Tag Archives: genetic disorders

Miracle for Megan

I first met Megan Miceli when she was 6 months old. She was a beautiful little girl with blond hair and blue eyes and an infectious smile that reached from ear to ear. But when her parents noticed that Megan wasn’t hitting milestones at the rate her siblings had, they grew concerned and brought her to Kennedy Krieger.

With weekly physical therapy sessions and her mother diligently working with Megan at home, she slowly began making strides in her motor skills. In the meantime, an extensive medical workup revealed she had hypotonia and a gene microdeletion, which was the root of her medical problems. The gene deletion is so rare that there have only been six reported cases since 2009. In addition she was also recently diagnosed with episodic hemiplegia, another disorder that affects 1 in 1 million people. Without warning, Megan can experience an attack of paralysis on the left side of her body multiple times per week, each lasting between 5 and 20 minutes.

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25 Years of Dedication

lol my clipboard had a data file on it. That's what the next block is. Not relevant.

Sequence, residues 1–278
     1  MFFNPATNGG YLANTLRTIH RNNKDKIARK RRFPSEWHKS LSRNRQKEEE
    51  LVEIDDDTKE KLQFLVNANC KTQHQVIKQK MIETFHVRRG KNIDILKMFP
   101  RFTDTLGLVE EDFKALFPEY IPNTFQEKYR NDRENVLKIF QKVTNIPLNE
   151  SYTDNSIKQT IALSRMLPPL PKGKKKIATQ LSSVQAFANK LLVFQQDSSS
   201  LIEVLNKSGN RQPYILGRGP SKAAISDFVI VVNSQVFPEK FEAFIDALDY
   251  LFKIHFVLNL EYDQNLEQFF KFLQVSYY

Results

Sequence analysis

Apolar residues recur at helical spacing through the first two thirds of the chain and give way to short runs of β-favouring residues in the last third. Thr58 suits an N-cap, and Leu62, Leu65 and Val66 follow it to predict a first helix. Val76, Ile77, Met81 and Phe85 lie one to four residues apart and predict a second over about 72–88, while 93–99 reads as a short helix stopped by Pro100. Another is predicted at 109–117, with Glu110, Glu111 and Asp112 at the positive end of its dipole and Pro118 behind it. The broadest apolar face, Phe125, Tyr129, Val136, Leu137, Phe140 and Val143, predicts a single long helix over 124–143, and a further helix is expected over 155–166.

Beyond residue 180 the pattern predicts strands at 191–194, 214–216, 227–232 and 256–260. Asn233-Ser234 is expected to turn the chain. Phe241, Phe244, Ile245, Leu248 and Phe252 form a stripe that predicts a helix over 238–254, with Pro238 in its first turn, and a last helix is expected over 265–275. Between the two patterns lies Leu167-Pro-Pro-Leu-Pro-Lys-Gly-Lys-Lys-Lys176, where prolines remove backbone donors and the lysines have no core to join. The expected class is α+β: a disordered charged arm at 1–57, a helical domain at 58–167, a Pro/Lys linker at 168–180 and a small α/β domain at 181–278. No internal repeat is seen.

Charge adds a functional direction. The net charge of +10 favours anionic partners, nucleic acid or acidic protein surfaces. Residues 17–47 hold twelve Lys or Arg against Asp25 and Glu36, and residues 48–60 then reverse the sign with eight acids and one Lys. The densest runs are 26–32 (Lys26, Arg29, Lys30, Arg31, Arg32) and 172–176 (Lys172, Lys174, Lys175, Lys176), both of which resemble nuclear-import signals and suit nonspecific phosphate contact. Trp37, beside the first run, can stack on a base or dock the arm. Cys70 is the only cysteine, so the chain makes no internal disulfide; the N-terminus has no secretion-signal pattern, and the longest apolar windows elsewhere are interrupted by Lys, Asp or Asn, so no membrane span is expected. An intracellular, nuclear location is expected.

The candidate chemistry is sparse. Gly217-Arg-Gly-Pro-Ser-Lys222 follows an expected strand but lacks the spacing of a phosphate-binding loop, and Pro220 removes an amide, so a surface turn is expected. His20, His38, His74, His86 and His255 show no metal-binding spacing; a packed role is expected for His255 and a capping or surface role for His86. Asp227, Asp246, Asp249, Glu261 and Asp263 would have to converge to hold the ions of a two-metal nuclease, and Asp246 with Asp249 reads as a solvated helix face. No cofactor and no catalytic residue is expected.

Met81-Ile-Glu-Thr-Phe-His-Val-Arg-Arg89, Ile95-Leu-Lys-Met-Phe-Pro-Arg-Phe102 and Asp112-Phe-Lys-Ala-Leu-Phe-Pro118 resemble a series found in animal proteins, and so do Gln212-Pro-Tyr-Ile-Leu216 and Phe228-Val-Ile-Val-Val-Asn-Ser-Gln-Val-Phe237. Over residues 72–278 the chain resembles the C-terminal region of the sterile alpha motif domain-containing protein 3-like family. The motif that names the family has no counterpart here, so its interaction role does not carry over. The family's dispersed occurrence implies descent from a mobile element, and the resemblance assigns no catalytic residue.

In my 21 years with the Down Syndrome Clinic at Kennedy Krieger, I’ve been privileged to meet many children with Down syndrome and watch them grow up to lead fulfilling and independent lives. I feel lucky to be a part of such an inspiring community of families.

When I was first appointed as director of the Down Syndrome Clinic, I was a little surprised when I was told quite frankly that I must attend the clinic’s annual event at the airport, a race organized by Wayne Malone, whose son has Down syndrome. Such a mandate seemed curious to me, but when Pat Winders—a former employee who was one of our clinic’s biggest advocates in the early days–tells you to be somewhere for the clinic, you show up. I didn’t know all of the details then, but what I was about to take part in for the next 21 years continues to inspire me in my work today. I would like to take a moment to share with you the story of Wayne Malone, a man who singlehandedly formed a community of people and resources for those affected by Down syndrome. Continue reading

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